UV Rays Are Actually Good For Your Eyes, Study Shows

November 17, 2017 at 2:37 pm

UVB light exposure reduced risk of nearsightedness by 25 percent, researchers from King’s College London found



Despite decades of warnings to “protect” our eyes from the sun, researchers around the world are now discovering the sun is actually the best protection we have against nearsightedness.

The number of people with nearsightedness or “myopia” has been on a sharp rise over the last couple of decades along with the number of hours young people spend in artificially lit indoors staring at screens.




By 2050, almost half the world will be nearsighted and require some form of corrective lens, up from a quarter of the global population in 2000. In China, as many as 90 percent of recent high school graduates are nearsighted, up from only 10 percent 60 years ago. Most of that increase happened in the last two decades.

Dozens of studies over the last decade suggest the solution is simple – spend more time outdoors in natural sunlight.

UVB rays — the rays responsible for sunburns — are particularly good at preventing short-sightedness, according to the latest of these studies published in The Journal of the American Medical Association Opthomology.

Researchers at King’s College London interviewed more than 3000 elderly Europeans about how much time they spent in direct sunlight at various stages of their lives and gave them eye exams. Those who had gotten the most sun in their youth were about 25 percent less likely to have developed myopia by middle age. UVB exposure between ages 14 and 30 showed the most benefit.




This new study adds to the growing body of research indicating a lack of direct sunlight may reshape the human eye and impair vision.

“People with myopia have long eyeballs, so there must be something in sunlight that affects how the eye grows, especially in childhood,” the study’s lead author Katie Williams told the New York Times.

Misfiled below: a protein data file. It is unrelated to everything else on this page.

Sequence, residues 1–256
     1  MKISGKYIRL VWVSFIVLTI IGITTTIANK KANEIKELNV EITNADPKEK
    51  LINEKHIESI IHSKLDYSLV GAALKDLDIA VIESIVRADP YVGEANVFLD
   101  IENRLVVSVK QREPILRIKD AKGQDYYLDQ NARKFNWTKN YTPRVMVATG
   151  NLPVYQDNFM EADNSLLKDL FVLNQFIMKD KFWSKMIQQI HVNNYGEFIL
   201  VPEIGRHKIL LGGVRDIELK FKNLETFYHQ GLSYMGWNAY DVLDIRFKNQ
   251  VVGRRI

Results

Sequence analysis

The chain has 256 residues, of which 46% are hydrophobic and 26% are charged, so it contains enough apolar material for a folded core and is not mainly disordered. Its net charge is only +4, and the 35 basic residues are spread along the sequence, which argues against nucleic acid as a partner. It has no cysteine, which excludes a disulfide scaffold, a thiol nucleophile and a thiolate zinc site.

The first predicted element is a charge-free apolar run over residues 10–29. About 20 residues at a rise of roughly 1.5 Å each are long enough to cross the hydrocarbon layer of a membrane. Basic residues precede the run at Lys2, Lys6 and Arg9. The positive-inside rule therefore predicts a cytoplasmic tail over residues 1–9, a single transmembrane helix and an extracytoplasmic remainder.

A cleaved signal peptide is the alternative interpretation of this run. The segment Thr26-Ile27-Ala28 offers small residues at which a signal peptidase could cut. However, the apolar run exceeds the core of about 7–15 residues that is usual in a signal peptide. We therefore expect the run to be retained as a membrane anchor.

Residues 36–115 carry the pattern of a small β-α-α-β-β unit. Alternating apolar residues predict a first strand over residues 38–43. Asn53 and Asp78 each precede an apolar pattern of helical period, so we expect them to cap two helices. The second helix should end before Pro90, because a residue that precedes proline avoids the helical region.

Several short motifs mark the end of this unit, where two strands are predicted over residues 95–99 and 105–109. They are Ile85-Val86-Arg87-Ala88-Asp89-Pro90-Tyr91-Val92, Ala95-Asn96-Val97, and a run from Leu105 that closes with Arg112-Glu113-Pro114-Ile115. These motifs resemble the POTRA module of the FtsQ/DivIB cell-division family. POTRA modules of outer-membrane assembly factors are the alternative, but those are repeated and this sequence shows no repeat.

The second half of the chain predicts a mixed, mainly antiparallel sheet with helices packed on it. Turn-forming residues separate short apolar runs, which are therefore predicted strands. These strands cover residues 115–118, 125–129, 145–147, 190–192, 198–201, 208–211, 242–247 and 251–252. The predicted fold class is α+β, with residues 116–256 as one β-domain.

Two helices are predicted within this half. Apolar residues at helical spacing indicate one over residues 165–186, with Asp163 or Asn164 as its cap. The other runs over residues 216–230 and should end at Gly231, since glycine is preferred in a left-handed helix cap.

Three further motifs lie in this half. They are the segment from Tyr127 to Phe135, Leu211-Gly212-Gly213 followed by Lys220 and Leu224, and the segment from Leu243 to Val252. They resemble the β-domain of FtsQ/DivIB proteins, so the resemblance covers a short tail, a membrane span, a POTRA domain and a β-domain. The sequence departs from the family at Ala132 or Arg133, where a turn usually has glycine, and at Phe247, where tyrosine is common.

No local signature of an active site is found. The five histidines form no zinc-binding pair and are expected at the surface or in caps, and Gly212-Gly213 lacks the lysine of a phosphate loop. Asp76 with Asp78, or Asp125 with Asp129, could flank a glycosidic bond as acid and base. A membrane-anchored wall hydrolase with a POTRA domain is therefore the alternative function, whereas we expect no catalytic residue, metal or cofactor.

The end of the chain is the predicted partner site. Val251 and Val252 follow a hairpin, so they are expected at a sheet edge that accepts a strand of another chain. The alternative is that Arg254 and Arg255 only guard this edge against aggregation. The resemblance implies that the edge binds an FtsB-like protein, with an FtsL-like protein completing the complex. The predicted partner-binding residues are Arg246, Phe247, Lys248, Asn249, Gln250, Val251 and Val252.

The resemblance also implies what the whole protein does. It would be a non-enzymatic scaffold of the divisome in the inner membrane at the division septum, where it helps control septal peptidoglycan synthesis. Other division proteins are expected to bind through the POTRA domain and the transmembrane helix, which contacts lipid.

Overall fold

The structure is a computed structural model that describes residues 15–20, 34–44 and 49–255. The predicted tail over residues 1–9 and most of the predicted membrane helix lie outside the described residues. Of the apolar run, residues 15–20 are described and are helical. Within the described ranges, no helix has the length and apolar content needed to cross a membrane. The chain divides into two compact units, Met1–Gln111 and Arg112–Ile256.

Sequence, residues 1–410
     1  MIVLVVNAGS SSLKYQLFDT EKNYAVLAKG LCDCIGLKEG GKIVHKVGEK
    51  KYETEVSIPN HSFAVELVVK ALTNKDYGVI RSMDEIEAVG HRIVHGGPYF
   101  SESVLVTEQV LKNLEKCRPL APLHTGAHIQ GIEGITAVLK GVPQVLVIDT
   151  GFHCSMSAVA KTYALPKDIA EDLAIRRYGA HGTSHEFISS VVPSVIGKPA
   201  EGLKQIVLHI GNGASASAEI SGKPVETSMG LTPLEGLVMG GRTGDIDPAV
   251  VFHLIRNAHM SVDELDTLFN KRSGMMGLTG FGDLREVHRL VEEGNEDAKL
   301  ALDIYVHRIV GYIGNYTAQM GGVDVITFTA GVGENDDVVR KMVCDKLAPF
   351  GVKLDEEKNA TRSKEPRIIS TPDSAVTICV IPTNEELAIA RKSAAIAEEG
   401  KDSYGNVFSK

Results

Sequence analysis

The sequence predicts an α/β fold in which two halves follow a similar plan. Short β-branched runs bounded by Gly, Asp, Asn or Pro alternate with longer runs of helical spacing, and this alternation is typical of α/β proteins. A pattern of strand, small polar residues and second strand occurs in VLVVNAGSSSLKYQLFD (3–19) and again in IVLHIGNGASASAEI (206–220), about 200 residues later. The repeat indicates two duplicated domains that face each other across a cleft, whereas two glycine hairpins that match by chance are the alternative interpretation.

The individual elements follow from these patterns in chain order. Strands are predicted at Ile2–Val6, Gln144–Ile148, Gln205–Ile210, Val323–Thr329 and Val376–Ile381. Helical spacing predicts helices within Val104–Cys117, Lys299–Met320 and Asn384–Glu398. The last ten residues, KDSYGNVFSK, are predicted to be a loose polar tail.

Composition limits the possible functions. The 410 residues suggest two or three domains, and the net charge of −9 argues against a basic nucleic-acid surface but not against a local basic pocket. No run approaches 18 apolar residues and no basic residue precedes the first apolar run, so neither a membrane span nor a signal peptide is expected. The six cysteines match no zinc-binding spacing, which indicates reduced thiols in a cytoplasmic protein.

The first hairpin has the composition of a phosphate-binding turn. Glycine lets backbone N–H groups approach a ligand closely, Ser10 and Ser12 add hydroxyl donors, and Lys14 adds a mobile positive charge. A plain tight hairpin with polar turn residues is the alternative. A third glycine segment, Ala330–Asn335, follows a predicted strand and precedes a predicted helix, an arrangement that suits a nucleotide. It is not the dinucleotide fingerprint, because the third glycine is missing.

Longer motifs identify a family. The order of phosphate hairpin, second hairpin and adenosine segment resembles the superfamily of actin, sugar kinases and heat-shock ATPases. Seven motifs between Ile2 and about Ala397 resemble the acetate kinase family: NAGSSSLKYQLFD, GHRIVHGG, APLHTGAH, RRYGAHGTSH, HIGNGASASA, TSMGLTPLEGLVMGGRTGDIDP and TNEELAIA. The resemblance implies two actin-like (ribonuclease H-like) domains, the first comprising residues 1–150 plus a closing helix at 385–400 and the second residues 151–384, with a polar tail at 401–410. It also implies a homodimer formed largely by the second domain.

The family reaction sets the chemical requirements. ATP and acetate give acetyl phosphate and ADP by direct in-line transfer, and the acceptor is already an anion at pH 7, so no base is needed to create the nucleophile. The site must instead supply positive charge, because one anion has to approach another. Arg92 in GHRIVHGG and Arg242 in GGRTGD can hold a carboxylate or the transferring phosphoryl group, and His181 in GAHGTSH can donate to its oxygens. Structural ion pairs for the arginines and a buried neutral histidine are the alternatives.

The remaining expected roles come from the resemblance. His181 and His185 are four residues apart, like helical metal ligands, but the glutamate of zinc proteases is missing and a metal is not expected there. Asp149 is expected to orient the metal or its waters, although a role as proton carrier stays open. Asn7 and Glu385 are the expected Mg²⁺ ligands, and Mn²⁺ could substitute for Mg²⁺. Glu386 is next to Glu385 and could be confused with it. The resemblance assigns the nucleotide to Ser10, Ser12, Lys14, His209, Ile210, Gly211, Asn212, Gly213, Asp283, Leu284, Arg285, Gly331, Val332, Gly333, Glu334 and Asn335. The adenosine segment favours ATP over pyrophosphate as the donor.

A 2008 study, also published in JAMA Ophthalmology, compared 6 and 7-year-old children of Chinese ethnicity living in Australia and China. The rate of nearsightedness among the children living in China was nearly nine times that of children living in Australia. The parents of both sets of children had about the same rates of myopia, ruling out genetics as a significant factor.

The main difference between the two groups was the number of hours they spent outdoors. On average, the children in Australia spent nearly 14 hours per week outside, while the children in China spent just 3 hours per week outside.




“We hypothesize that another factor contributing to the differences in the prevalence of myopia may be the early educational pressures found in Singapore but not in Sydney,” the authors of the study wrote. In other words, the amount of time doing “near work” – reading, writing and computer work.

In response Taiwanese schools increased outdoor time to a minimum of two hours per day in 2010, resulting in significant reductions in the number of children diagnosed with myopia, and improvements in those who’d already developed it, according to a 2013 study.

A 2007 study by scholars at Ohio State University found that, among American children with two myopic parents, those who spent at least two hours per day outdoors were four times less likely to be nearsighted than those who spent less than one hour per day outside.

“The best prevention for myopia in children is more time outdoors,” Ohio State University researchers wrote in a report published last month by the National Eye Institute.

In a New York Times article titled “The Sun is the Best Opometrist” Princeton professor of molecular biology and neuroscience Sam Wang says he and other researchers suspect  bright outdoor light helps children’s developing eyes maintain the correct distance between the lens and the retina, keeping their vision in focus.

“Dim indoor lighting doesn’t seem to provide the same kind of feedback,” Wang said. “As a result, when children spend too many hours inside, their eyes fail to grow correctly and the distance between the lens and retina becomes too long, causing far-away objects to look blurry.”

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